Boisterous Praise for Business Cliches
Business professionals are encouraged to “think outside the box,” while at the same time being admonished by success coaches, consultants and bored journalists for talking inside the box with trite cliches and pithy aphorisms.
But there’s no reason to push the envelope on business communication when there is a rich trove of language on the tips of our tongues. And at the end of the day, communicating ideas through the creative use of cliches and jargon is not only a time-honored tradition in many disciplines, it is the kind of low-hanging fruit that is hard to resist.
Nobody questions the arcane and inscrutable terminology used by economists to explain a simple idea in complex terms. Nor do they put their game faces on to challenge the meteorological musings of the weather forecaster telling us why we might need an umbrella for the morning commute.
But in the lexicon of business meetings and work emails, the conventional wisdom holds that too many managers and team leaders wrap their messaging in colorful rhetoric when talking about the elephant in the room. If only they avoided cliches like the plague and spoke plainly, it would be a win-win situation for everyone.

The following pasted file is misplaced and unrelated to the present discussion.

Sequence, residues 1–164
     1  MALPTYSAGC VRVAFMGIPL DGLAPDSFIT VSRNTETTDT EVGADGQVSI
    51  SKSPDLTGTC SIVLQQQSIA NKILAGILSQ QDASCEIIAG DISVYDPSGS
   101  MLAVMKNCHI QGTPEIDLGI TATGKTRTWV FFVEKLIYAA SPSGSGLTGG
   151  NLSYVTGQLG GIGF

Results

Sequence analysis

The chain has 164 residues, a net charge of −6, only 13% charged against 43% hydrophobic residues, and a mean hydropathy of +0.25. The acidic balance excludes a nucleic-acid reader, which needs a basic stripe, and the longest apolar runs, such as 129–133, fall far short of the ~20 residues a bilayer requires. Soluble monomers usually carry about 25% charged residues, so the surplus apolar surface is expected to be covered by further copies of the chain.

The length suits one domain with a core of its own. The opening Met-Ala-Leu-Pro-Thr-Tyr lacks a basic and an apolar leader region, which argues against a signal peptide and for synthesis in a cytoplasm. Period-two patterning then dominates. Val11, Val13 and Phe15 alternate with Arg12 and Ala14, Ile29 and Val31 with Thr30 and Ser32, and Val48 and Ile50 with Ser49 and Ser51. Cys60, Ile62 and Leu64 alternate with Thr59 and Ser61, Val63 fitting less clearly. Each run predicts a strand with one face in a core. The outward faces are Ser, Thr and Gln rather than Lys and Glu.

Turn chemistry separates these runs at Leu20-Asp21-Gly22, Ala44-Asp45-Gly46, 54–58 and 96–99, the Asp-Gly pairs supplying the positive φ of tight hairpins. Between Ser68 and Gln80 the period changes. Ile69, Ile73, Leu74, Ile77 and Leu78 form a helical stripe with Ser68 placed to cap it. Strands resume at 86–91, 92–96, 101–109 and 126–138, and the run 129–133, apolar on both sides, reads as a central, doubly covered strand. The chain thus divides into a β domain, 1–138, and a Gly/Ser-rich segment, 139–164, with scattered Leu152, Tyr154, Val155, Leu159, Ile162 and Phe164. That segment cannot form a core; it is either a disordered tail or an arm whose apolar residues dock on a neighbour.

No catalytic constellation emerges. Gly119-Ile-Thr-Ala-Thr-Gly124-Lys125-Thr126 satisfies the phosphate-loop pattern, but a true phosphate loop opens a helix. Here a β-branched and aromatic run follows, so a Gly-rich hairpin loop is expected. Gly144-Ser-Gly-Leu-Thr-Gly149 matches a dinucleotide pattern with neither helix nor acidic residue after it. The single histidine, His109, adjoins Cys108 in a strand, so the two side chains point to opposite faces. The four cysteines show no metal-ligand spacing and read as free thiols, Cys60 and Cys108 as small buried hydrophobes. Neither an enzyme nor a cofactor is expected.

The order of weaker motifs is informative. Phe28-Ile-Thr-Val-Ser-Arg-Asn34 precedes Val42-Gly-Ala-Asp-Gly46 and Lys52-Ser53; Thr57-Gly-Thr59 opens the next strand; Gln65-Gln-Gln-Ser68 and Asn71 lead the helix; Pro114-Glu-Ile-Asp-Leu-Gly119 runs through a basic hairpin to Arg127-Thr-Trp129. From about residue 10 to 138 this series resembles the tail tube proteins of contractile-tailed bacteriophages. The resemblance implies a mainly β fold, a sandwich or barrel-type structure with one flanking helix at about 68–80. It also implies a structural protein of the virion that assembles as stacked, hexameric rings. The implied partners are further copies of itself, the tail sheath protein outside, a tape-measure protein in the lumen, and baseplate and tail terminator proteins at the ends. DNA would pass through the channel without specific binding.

But colorful bromides are the mother’s milk of business communication and no self-respecting corporate manager or public relations warrior ever met a bit of jargon they didn’t like.
Corporate mergers are greeted with promises of “synergy” and “economies of scale,” destined to succeed because failure is not an option.
While some see the effusive language and imagery as vague and noncommittal, the homilies and old-businessman’s tales handed down from boardroom to boardroom offer an unvarnished peek at the inner workings of the business world.
When you peel back the onion and really drill down to the essence of business jargon, it can be a convenient shorthand to motivate staff, mollify investors and mute dissent.
The business climate of the 21st century, in a data-driven digital world, puts a premium on speed and efficiency. That should extend to language and how businesspeople communicate their ideas. With urgent deadlines requiring snap decisions, there is often no time to put a pin in an idea and run it up the flagpole to see if anyone salutes.
The pace of business life requires a clear head when it’s time to put boots on the ground and burn the candle at both ends. And that is where jargon steps up and takes a bow.
The ideas expressed in these oft-used phrases are part of the common currency of business, easily understood in matters ranging from the simple to complex while always acknowledging the elephant in the room.
It is easy to criticize cliches as overused to the point of being devoid of meaning. But when the rubber meets the road, they can be the one thing that keeps everything on track.